proposal will modify it into something that will continue to help localities and counties like san francisco. i think we can get there. >> water some of the biggest land use issues in your district? >> in addition to the america's cup planning, there is a discussion around the development of cpmc. it would be the largest hospital project our city has seen in decades. it would probably be the largest land use project discussed this year. it is right on the edge of my district. it is seated at the intersection of several separate as oriole -- supervisorial districts. there are issues around displacement, the impact of a large hospital on the surrounding neighborhoods, and
whether the size of this hospital and plans in the city wide picture of health care access. i am sure we will have robust discussion about this in the coming months. >> are there any other issues that concern you that we have not discussed? are there any other interests you plan to concentrate on as supervisor? >> one thing every supervisor works on is the relationship between our neighborhoods and city hall. i am blessed in district 3 to have a rich network of neighborhood associations, merchant groups, and nonprofit organizations that i interface with regularly. they often had difficulty navigating city hall. i am trying to help develop neighborhood councils that bring together these various groups to
interface with city hall and city staff as a model to foster partnerships between and our neighborhoods and city government. it is a model we have been working on for a couple of years in district 3. i hope to replicate it to out san francisco fairly soon. >> we are out of time. thank you so much for joining us today on sfgtv "meet your district supervisor." we have been speaking with david chiu of district 3. ♪
>> the san francisco cons tri of flowers in golden gate park is now showing a new exhibit that changes the way we see the plants around us. amy stewart's best-selling book, "wicked plants" is the inspiration behind the new exhibit that takes us to the dark side of the plant world. >> i am amy stewart. i am the arthur of "wicked plants," the weeds that killed lincoln's mother and other botanical atrocities. with the screens fly trap, that
is kind of where everybody went initially, you mean like that? i kind of thought, well, all it does is eat up bugs. that is not very wicked. so what? by wicked, what i mean is that they are poisonous, dangerous, deadly or immoral or maybe illegal or offensive or awful in some way. i am in the profession of going around and interviewing botanists, horticulturalists and plant scientists. they all seem to have some little plant tucked away in the corner of a greenhouse that maybe they weren't supposed to have. i got interested in this idea that maybe there was a dark side to plants. >> the white snake root. people who consumed milk or meat from a cow that fed on white snake root faced severe pain. milk sickness, as it was culled, resulted in vomiting,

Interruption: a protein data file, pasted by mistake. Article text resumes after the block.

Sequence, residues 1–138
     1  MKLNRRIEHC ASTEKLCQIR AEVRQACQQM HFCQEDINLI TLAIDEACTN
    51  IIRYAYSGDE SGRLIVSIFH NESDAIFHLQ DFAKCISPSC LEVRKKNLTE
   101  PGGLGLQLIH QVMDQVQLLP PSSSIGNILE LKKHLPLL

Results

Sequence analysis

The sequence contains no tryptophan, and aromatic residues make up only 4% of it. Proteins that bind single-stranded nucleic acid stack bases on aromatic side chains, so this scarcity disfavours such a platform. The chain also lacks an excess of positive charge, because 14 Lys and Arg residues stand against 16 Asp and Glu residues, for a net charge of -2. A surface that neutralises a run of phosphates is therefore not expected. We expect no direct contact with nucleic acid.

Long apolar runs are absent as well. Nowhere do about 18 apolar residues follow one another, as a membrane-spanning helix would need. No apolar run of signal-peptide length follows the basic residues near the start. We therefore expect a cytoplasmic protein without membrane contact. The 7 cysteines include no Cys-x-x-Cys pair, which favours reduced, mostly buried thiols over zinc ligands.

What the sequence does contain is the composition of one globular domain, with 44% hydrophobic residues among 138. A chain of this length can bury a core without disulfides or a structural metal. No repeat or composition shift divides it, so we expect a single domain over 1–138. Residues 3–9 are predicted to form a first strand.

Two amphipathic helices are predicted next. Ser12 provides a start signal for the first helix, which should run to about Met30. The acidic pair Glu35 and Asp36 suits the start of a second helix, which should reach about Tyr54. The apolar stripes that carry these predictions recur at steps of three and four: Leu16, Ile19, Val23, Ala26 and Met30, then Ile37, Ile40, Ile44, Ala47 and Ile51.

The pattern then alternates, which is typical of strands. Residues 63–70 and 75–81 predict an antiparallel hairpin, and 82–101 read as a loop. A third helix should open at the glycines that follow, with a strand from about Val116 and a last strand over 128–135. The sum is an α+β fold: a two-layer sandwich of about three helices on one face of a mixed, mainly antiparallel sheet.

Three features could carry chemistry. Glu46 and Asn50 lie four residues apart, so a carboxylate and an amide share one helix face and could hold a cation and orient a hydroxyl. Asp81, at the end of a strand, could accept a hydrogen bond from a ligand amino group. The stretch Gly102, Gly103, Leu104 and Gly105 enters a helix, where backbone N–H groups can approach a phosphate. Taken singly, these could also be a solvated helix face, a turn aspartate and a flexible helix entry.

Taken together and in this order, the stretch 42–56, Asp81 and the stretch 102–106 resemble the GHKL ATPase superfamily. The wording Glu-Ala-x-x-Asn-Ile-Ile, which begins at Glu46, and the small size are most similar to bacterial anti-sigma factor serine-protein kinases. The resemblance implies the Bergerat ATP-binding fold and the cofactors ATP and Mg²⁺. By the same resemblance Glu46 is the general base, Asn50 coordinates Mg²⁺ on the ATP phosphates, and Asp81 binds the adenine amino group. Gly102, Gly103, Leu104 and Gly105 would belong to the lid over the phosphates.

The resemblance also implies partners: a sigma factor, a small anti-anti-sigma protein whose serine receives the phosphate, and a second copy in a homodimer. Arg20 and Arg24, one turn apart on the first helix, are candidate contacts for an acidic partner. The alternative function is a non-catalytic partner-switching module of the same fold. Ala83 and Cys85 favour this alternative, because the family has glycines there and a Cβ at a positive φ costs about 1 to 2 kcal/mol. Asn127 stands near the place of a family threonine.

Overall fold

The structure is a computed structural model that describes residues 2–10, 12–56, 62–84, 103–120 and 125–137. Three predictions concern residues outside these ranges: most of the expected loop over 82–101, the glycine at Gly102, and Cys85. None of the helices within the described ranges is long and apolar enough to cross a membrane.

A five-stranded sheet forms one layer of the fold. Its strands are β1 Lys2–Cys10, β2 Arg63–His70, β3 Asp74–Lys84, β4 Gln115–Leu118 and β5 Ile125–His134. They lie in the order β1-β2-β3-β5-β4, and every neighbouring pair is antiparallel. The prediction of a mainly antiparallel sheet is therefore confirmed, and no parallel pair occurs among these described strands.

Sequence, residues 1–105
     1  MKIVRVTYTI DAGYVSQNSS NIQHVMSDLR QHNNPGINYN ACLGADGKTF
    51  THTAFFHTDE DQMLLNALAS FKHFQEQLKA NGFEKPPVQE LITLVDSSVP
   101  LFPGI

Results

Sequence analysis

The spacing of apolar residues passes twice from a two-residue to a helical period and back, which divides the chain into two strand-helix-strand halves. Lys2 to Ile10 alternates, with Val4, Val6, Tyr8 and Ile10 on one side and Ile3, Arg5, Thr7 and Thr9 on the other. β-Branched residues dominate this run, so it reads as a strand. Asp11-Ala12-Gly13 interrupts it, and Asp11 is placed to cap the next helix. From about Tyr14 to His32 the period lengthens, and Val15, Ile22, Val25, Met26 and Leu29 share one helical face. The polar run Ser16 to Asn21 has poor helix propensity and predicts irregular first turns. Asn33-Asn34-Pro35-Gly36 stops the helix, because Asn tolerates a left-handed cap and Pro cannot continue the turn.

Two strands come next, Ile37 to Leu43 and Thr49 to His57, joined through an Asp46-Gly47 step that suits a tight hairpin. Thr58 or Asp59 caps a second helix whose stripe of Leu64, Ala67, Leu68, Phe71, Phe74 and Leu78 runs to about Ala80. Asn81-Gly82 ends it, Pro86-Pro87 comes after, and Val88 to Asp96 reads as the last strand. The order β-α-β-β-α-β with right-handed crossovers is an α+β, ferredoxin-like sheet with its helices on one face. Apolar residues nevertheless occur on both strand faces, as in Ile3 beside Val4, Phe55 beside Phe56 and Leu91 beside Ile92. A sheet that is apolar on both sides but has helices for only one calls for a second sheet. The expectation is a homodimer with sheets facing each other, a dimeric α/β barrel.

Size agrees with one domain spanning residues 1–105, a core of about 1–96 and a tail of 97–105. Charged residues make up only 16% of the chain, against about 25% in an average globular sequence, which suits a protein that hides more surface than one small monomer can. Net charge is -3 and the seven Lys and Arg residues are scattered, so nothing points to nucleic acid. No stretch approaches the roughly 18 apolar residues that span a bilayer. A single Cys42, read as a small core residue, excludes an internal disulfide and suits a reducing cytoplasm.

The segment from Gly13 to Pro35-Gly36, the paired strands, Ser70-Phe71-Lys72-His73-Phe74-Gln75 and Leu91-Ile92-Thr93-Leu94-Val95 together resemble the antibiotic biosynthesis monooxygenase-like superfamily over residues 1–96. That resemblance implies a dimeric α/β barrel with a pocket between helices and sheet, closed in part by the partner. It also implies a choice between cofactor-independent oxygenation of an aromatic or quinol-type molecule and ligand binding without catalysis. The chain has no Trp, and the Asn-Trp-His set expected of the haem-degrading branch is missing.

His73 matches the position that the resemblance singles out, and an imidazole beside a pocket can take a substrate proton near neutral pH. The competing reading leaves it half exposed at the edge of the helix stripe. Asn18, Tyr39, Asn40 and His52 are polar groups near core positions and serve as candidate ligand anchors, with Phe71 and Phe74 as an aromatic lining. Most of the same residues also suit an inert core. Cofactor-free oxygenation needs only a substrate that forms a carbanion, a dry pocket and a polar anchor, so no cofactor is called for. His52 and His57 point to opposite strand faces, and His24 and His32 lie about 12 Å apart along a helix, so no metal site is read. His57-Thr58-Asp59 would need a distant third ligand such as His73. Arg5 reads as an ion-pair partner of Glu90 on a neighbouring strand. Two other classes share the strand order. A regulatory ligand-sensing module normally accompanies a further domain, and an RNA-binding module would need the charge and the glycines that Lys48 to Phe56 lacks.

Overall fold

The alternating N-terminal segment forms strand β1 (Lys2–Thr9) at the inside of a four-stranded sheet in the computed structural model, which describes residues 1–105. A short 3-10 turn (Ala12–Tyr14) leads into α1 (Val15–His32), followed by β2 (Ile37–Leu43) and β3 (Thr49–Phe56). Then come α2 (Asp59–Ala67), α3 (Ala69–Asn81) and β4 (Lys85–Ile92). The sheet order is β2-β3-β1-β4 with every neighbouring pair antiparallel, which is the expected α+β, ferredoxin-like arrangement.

tremors, delirium and death. one of the most famous victims of milk sickness was nancy hangs lincoln. she died at the age of 34, leaving behind 9-year-old abraham lincoln. he helped build his mother's casket by carving the woodallen petition douche the wooden petition himself. >> we transformed the gallery to and eerie victorian garden. my name is lowe hodges, and i am the director of operations and exhibitions at the conls tore of -- cons tore of flowers. we decided it needed context. so we needed a house or a
building. the story behind the couple in the window, you can see his wife has just served him a glass of wine, and he is slumped over the table as the poison takes affect. a neat little factold dominion about that house is actually built out of three panels from old james bond movie. we wanted people to feel like i am not supposed to be in this room. this is the one that is supposed to be barred off and locked up. >> the ole andersonner -- oleander. this popular shrub is popular in warm climates. it has been implicated in a surprising number of murders and accidental deaths. children are at risk because it takes only a few leaves to kill them. a southern california woman tried to collect on her husband's life insurance by putting the leaves in his food.
she is now one of 15 women on california's death rowan the only one who attempted to murder with a plant. >> people who may haven't been to their cons tore or been to -- do serve tore or their botanical garden, it gives them a reason to come back. you think let's go and look at the pretty flowers. these are pretty flowers, but they are flowers with weird and fascinating stories behind them. that is really fun and really not what people normally think of when they come to a horticultural institution. >> "wicked plants" is now showing at the san francisco conserve tore of flowers. unless next time, get out and play.